Funny how people have "all this time" to trace "who did or didn't make changes to wikis", but the President would have us believe, "We don't have time to get warrants" related to the FISA; and the President is "so surprised" about all the things going on at Guantanamo. No wonder, their stupid Navy People aren't focusing on the NAVY rules -- they're worried whether people are or are not following wiki-rules.

    Matt and Mike -- choose: You like Wikis, or you like to support Presidential Rebellions against the Constitution?

    Translation for Matt and Mike:

  • Wikis -- Not work related, don't read them

  • Constitution -- Work related, read it

  • UCMJ and rules against abuse -- Read them, there will be some questions about Guantanamo. Tell Spike Constant says, "Orange."

    Maybe if you were a real leader, you might get your Congressman to read the Constitution as well.

    Choose: Do you want to have a Constitution -- or do you want to continue to join this President's rebellion against the rule of law?

    If you know something, the US Attorney may be able to help you. There are secret grand juries reviewing evidence.

    It is a heavy burden to hear the rumors about Guantanamo, and the illegal activity. Don't think you are alone. You may be able to get some help. Maybe they can make you an undercover informant, and pay you lots of money. Then again, maybe they’ll tell you to "go away" and "come back later" -- they don't really want to know about illegal Navy activity at Guantanamo; they only want to gather more information about Americans.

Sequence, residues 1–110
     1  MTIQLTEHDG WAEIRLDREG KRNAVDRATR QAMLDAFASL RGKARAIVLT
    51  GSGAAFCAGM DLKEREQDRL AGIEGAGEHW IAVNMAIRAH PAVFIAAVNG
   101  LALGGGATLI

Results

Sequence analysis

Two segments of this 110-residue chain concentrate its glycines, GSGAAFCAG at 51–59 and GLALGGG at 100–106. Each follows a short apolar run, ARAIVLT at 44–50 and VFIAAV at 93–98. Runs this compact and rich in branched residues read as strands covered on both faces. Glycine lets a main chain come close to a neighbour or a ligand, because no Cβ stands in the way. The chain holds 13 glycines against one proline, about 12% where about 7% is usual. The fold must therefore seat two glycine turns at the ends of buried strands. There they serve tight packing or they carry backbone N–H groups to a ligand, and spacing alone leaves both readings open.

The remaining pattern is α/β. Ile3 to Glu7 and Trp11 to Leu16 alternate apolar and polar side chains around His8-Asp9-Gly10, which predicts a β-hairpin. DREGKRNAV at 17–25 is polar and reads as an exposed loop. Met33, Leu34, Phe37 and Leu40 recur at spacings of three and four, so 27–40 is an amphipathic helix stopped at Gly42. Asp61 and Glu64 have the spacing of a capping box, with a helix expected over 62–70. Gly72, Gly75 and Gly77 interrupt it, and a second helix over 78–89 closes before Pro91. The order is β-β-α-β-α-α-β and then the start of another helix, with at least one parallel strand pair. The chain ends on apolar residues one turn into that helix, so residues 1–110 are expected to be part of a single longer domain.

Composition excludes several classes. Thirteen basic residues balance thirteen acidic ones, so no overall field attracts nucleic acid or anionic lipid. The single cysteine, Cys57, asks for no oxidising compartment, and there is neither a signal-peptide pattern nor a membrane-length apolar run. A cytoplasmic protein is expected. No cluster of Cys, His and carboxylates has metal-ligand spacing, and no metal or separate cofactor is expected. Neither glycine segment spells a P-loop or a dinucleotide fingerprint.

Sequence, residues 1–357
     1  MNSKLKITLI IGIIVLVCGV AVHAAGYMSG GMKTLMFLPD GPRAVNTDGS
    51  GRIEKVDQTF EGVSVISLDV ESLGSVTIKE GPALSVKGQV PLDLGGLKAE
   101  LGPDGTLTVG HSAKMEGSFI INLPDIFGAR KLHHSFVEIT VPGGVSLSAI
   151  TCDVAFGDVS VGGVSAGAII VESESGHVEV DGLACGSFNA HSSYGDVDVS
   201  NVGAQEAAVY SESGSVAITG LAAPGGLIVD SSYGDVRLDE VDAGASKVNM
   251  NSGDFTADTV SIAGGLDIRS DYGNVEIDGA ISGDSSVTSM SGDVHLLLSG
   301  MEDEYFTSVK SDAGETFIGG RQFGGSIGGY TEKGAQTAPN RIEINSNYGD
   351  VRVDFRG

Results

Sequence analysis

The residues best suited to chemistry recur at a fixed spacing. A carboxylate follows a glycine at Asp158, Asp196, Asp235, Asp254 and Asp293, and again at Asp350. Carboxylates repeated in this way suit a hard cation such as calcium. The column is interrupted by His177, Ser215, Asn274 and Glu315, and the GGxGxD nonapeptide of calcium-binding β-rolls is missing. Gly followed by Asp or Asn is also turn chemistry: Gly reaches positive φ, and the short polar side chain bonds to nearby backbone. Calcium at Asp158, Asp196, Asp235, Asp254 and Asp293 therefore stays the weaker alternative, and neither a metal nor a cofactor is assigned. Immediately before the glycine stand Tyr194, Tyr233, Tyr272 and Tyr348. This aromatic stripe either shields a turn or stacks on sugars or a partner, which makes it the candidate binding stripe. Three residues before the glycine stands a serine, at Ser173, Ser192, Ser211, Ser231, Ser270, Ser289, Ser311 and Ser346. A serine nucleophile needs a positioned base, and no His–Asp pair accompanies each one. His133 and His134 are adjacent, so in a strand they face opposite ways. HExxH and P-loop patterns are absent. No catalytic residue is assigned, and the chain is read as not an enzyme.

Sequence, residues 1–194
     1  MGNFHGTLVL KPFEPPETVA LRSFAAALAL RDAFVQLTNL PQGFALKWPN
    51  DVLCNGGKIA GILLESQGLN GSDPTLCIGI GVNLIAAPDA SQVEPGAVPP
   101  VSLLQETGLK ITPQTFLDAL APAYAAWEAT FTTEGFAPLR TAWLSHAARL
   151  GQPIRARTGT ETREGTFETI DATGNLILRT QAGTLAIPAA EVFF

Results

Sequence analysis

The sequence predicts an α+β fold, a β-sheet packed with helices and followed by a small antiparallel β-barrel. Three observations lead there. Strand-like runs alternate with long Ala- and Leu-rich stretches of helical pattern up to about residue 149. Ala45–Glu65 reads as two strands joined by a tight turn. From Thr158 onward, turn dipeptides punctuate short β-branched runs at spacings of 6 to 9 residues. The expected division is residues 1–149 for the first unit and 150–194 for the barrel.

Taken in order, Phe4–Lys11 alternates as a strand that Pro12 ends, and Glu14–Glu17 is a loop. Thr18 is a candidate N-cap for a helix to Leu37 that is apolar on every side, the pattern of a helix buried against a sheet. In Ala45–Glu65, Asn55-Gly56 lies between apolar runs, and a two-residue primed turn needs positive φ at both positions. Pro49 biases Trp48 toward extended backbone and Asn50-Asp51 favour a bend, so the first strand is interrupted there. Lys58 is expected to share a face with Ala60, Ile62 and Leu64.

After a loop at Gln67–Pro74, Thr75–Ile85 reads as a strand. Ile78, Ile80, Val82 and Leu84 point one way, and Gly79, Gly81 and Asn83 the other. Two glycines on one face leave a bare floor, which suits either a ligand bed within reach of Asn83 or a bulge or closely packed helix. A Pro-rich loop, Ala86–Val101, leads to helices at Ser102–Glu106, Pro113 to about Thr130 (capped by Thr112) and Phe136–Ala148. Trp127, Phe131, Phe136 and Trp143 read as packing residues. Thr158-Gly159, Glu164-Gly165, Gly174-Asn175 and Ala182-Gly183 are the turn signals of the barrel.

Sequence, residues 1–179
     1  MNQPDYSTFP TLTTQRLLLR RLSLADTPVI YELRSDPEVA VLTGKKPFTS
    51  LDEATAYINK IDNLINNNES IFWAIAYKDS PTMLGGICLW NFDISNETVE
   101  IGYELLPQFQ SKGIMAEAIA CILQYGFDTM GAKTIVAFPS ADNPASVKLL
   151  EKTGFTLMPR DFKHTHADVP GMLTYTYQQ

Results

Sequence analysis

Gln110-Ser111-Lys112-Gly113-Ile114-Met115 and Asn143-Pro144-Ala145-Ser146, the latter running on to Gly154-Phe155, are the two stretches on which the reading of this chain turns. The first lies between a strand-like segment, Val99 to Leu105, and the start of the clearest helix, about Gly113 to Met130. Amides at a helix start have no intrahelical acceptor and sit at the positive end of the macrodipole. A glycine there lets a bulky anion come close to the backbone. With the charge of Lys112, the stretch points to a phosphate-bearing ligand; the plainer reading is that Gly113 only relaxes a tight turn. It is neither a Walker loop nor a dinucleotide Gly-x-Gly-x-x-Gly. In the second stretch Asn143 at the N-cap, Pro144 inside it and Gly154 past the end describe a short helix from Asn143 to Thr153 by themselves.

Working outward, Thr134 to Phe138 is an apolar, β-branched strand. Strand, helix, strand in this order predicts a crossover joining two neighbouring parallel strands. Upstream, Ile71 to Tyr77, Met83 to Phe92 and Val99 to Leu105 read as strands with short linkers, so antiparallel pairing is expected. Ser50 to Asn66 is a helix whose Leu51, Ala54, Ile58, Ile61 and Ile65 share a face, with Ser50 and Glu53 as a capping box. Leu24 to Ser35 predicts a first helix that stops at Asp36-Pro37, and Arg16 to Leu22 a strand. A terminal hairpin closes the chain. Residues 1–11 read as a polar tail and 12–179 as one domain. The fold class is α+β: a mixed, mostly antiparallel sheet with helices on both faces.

We're not Iraqis or Afghanis, Matt. We're Americans.

    Choose: Rebellion with your President; or the Constitution.

    The Constitution is all you have. You cannot rely on the Constitution to then use it to abuse others.

    GCHQ's loyalty isn't to your President. It is to the rule of law. They know. There is more evidence. America knows what's going on. We know of the abuse inside the NSA, DHS, and DoJ. It is everywhere.

    Even civilians can be prosecuted for war crimes. Your training is poor. You are not disciplined. You waver.

    We will lawfully prevail and protect this constitution. Perhaps you will be on the winning side.

    Have you told her about . . .D o l o r e s?

    Your President is a war criminal. He is in rebellion against the Constitution.

    * * *